TweetMag for iPad - Beauty meets sluggish online magazine

When it first came out, many thought of the iPad as an excellent way to consume content. The amount of good apps that serve fresh feeds every morning, make the Apple tablet one of my favorite ways to browse the web, check Facebook and use Twitter. Several apps have attempted to refine their design, combine your online streams to offer a unique user experience. When it comes to Twitter, the official app covers most of the bases, but there is still room for others to create something different. Here's where today's app comes into the game.

TweetMag [iTunes Link] by Teehan+Lax is a social magazine that uses the content shared on your Twitter timeline to present you with the most relevant stories of the day. Thanks to a magazine-like visual metaphor, the app displays those interesting articles often buried in your Twitter stream so you don't miss a thing.

This description could be used to talk about the awesome Flipboard, but its now where the similarities end. Unlike the free app, TweetMag is keen to put the user on the driving seat, allowing you to customise your "magazines", search Twitter trends, check out lists and see what others users are posting.

If these two were real physical publications, Flipboard would be the local free paper with stories that relate to you, while TweetMag would be the equivalent of having the whole kiosk full of international editions and glossies you didn't even know about. 

This different approach makes a huge difference between both apps. Since many iPad users have played with Flipboard before installing TweetMag, they might expect similar behaviour and features: big mistake. They're different products for different needs, they just happen to look very similar.

Back to the TweetMag review, the developers have taken the time to create a way for you to manage the vast information shared on Twitter. Using the same magazine concept you saw in your timeline when you first launched the app, you can curate new magazines with content from individual users, searches, hashtags or even collections.

Let's say you want to keep up to date with indie iOS developers. You can look up #idevblogaday, drag the avatar/magazine cover to the top of the screen and create your own little fanzine to read later. As simple as that. You can save as many magazines with filtered content on the so-called rack as you want. After some minutes of playing with this feature, you will have a new collection of the magazines that interest you to read relaxing with a coffee.

Content is imported from Twitter links without indicating who shared it

If you need some inspiration, TweetMag has prepared groups of magazines organised in categories. Tapping on the Fashion stack will open a list of interesting users to follow and a number of Twitter lists about the subject. If you only want to have a quick glance at the latest news around the world, the predefined "Hot Stories" button will display a selection of the trending articles of the day.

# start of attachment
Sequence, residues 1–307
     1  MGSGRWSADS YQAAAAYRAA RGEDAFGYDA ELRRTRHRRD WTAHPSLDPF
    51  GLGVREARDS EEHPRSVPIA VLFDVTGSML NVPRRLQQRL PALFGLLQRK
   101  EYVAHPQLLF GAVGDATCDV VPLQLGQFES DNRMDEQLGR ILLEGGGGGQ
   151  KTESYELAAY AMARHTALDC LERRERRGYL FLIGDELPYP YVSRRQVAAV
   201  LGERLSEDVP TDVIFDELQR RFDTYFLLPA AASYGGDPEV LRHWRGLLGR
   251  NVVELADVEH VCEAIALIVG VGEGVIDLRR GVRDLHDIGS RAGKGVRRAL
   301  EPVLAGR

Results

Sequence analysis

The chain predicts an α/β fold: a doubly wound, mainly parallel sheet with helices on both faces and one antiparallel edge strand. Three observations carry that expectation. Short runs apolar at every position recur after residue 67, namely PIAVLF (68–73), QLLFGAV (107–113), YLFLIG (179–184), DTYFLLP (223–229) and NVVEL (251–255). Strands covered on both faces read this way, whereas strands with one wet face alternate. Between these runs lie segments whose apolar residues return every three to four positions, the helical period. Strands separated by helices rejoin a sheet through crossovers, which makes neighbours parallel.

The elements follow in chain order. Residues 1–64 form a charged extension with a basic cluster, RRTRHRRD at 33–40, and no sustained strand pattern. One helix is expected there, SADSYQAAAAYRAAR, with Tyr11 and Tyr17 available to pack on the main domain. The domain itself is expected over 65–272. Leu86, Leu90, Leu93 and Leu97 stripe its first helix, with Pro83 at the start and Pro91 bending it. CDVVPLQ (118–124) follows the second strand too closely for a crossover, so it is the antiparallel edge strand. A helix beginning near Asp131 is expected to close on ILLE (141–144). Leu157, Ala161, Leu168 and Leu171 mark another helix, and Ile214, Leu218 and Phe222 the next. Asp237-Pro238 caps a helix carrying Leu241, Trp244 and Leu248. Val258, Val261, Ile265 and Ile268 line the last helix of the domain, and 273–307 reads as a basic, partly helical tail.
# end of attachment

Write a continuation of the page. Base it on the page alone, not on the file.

One of the decisions that bugs me most is that tweets have been stripped from that human factor, displaying simply the content linked in the tweets. I can share a link of something ridiculous I have found online and written a short explanation for my followers. TweetMag will understand this link is worth reading and will use it my own magazine. It's only when you open that article that you see the actual tweet that led this to appear on your magazine and all the related reactions. The chatter is there, but some taps away from what I expected it to be.

Attention to detail is evident with the layout chosen. Simple and clean

Having said this, the presentation of the articles is beautifully done and lives up to the hype. You are presented with the headline and text of the original background on a white background without any other distraction. You can choose to view the original website in the settings, but I preferred the simplified version. You have the usual buttons available to reply, retweet, favorite and share the article. I'm missing options such as including the article headline on the retweet or common plugins such as Instapaper. Tweetmag plays well with Readability, but there is no way (that I know) to save individual articles to read later.

Tweetmag helps users to make sense of what's going on in the huge universe of Twitter. Content presentation is brilliant and the option of curating your own magazine should be the best way to introduce new users to Twitter. Will performance ruin its promise?

As a final consideration, since TweetMag debut last December, it has been a victim of its own success. Reaching the top spot in the News category in App Stores around the world, helped it to win visibility but also collect some harsh reviews. This looks to me like a classic example of unpolished app that crashes and annoys users. From my experience, I've noticed several freezes on v1.1, the app gets unresponsive when updating content and feels very slow at times. Noticing that two out of eight articles were the same was a big let down too.

It's quite disappointing that loading four single stories on a custom magazines takes so long too. I loved the concept, reading articles on a fresh virtual piece of paper and selecting my own stories. The functionality is there. However, I cannot recommend it until it fixes those performance issues that ruin an otherwise very good-looking twitter experience. If you are still interested about the app, I suggest you keep an eye and buy it when it drops price and wait for a bug fix.